I fear that this confusion sadly does not reflect well either on the political establishment in Pakistan who approved this nomination, nor on the professionalism of those involved in the nomination itself. I would hope that the Pakistani press and those on social media will recognise this and respond accordingly. I am sure they will agree that this is not a matter of pride for Pakistan, but actually sadly reflects rather badly on them. I am somewhat saddened by this and only write to clarify the confusion that has already arisen and has been pointed out to me by colleagues. It will not make the slightest difference to the ongoing work that my colleagues continue to do in this field.
Tim Unwin is not amused that Pakistan decided to establish another UNESCO chair in ICT4D...

Safeguarding: Reflexions Of A Global South Leader Amid #AidToo

If you stand for gender equality and against abuse, do your practices reflect that? How are you inclusive of women’s leadership? The Haiti Community Foundation has a very participatory, bottom-up approach. In our pilot region, to ensure that women leaders’ voices are included, we ask that one of the two representatives sent by communities to our planning meetings be a woman leader.
Marie-Rose Romain Murphy for Global Giving on the challenges of adopting safeguarding policies in small local organizations and practical advice from Haiti.

Collapsable skyscraper for disaster zones wins conceptual design competition

By stacking the functions of disaster relief tents on top of each other, the architects estimate the structure would take up to 30 times less room than a traditional tents or containers used in disaster relief.
This would reduce the cleanup operation required to clear the ground in an area that has been hit by hurricanes, floods or earthquakes, allowing survivors to be temporarily housed near their existing communities.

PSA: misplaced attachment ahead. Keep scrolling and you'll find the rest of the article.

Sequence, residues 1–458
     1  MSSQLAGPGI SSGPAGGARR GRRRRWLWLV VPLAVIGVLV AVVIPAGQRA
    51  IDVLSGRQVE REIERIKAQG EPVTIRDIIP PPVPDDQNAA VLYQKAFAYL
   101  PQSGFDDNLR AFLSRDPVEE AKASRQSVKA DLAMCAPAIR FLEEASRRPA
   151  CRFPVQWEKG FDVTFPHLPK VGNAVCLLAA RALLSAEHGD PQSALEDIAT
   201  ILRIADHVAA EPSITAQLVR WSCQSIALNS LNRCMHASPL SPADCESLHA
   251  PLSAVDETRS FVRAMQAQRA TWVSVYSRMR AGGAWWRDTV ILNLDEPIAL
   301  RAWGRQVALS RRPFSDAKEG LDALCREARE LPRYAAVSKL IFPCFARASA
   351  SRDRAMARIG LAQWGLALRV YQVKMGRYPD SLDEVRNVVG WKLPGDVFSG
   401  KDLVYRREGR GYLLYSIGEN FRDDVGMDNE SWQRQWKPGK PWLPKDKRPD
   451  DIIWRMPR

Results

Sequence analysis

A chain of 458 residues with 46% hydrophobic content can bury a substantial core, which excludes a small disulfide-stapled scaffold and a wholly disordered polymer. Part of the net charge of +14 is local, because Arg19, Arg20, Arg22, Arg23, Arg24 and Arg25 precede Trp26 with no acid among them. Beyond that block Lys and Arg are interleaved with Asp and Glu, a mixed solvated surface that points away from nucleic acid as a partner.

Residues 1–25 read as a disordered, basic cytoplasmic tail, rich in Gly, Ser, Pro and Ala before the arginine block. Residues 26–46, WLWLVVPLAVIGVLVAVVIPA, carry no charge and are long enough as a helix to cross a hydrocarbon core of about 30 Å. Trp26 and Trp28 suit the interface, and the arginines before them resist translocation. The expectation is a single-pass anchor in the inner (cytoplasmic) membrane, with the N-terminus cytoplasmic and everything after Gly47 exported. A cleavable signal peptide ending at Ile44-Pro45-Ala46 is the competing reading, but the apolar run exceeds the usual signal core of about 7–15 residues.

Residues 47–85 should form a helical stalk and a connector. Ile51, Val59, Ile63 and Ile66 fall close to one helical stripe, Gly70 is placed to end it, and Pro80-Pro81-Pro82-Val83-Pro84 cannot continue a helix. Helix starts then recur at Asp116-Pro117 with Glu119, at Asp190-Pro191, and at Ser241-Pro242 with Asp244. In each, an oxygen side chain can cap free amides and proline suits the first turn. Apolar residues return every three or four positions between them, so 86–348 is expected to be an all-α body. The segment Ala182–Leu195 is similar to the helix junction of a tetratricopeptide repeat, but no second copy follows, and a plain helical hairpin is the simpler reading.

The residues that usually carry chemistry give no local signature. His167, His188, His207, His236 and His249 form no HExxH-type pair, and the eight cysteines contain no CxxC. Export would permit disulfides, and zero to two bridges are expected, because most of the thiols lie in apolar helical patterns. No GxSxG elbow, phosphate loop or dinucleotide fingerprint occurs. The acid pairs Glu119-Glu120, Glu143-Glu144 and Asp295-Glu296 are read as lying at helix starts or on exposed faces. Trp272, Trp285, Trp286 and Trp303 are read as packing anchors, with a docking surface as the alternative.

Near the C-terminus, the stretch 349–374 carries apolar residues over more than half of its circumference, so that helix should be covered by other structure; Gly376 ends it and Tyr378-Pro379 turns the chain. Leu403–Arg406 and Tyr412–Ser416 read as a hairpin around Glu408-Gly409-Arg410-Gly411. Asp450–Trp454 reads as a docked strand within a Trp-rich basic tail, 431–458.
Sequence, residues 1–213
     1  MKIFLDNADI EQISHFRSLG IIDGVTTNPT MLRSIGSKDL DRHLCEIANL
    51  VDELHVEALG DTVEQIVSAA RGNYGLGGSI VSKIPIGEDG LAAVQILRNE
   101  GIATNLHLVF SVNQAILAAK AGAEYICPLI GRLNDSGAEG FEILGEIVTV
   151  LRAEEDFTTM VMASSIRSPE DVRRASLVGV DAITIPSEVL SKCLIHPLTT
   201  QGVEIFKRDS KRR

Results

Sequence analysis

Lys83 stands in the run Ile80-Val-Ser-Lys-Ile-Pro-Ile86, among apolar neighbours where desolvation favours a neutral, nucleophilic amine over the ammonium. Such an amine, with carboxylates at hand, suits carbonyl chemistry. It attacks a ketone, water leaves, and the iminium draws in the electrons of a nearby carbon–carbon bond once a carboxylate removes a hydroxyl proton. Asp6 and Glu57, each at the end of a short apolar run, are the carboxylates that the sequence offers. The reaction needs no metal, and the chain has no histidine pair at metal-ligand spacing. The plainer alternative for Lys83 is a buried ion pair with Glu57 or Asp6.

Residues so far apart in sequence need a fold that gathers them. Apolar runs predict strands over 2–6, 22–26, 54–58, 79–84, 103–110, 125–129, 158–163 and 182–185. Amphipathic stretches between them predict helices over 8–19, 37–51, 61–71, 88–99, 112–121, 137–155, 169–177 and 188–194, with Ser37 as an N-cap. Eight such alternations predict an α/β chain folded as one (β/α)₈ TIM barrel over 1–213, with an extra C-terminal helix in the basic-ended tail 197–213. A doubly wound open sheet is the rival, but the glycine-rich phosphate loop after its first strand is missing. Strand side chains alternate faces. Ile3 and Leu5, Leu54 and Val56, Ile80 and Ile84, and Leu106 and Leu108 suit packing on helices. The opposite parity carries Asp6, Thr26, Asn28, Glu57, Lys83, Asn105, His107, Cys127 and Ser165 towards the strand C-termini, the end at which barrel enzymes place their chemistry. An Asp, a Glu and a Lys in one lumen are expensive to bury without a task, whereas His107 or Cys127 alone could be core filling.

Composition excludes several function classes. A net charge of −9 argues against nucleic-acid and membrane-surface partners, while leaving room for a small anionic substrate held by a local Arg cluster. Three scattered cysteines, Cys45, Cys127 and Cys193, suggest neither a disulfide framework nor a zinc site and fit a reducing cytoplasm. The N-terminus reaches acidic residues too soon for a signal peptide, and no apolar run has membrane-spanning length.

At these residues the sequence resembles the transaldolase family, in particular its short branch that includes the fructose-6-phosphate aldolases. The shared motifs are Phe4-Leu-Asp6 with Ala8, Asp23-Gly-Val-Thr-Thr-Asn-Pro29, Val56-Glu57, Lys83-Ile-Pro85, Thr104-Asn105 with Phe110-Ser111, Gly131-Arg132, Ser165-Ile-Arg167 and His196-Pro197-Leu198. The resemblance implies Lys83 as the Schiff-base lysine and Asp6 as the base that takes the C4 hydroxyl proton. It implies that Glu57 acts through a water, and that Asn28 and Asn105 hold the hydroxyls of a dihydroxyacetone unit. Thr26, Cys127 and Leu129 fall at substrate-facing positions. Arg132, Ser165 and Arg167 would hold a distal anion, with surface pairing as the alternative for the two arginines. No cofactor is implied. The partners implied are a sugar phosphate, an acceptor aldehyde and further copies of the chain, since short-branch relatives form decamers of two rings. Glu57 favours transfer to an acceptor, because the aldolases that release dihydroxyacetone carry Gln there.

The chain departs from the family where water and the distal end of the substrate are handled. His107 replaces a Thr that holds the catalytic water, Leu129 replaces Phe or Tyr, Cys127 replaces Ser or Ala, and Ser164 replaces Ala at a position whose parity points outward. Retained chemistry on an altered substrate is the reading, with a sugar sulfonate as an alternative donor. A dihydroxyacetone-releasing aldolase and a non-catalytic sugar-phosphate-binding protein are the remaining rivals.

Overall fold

India Block for dezeen with another humanitarian innovation the industry has been waiting for...

Our digital lives

Elon Musk: Just walk out of bad meetings
He then added a list of productivity tips including advice to:
Cancel large meetings or if you have to have them keep them "very short"
Walk out of a meeting or end a phone call if it is failing to serve a useful purpose.
Avoid acronyms or nonsense words. "We don't want people to have to memorise a glossary just to function at Tesla"
Sidestep the "chain of command" to get the job done. Managers insisting on hierarchies will "soon find themselves working elsewhere"
Ignore the rules if following them is obviously ridiculous.
BBC News on Elon Musk's great advice for any sector that has meetings!

Blockchain is not only crappy technology but a bad vision for the future

Blockchain systems do not magically make the data in them accurate or the people entering the data trustworthy, they merely enable you to audit whether it has been tampered with. A person who sprayed pesticides on a mango can still enter onto a blockchain system that the mangoes were organic. A corrupt government can create a blockchain system to count the votes and just allocate an extra million addresses to their cronies. An investment fund whose charter is written in software can still misallocate funds.
Kai Stinchcombe adds to the ongoing discussion on how blockchain will (not) change the world and/or the aid industry...

The Illusion of User Choice

The idea that privacy is the core objective of data protection is quite individualistic. It assumes that harm can mainly be posed to the individual and its rights. While this can be true, my main concern is the harm that the data industry can potentially cause to societies. The algorithmic clustering of society into groups and profiles, and the discrimination that can result from that. The power that companies – who weren’t elected and who bear no social obligations other than to please their customers – are accumulating every day. The shifting power dynamics and their consequences on groups and societies at large.
With the narrative of “user choice”, internet companies are diverging our attention from the real problem: their power and influence on society. The Data Problem is not so much about your personal data, but about how all of our data in bulk feeds this new Infocratic System.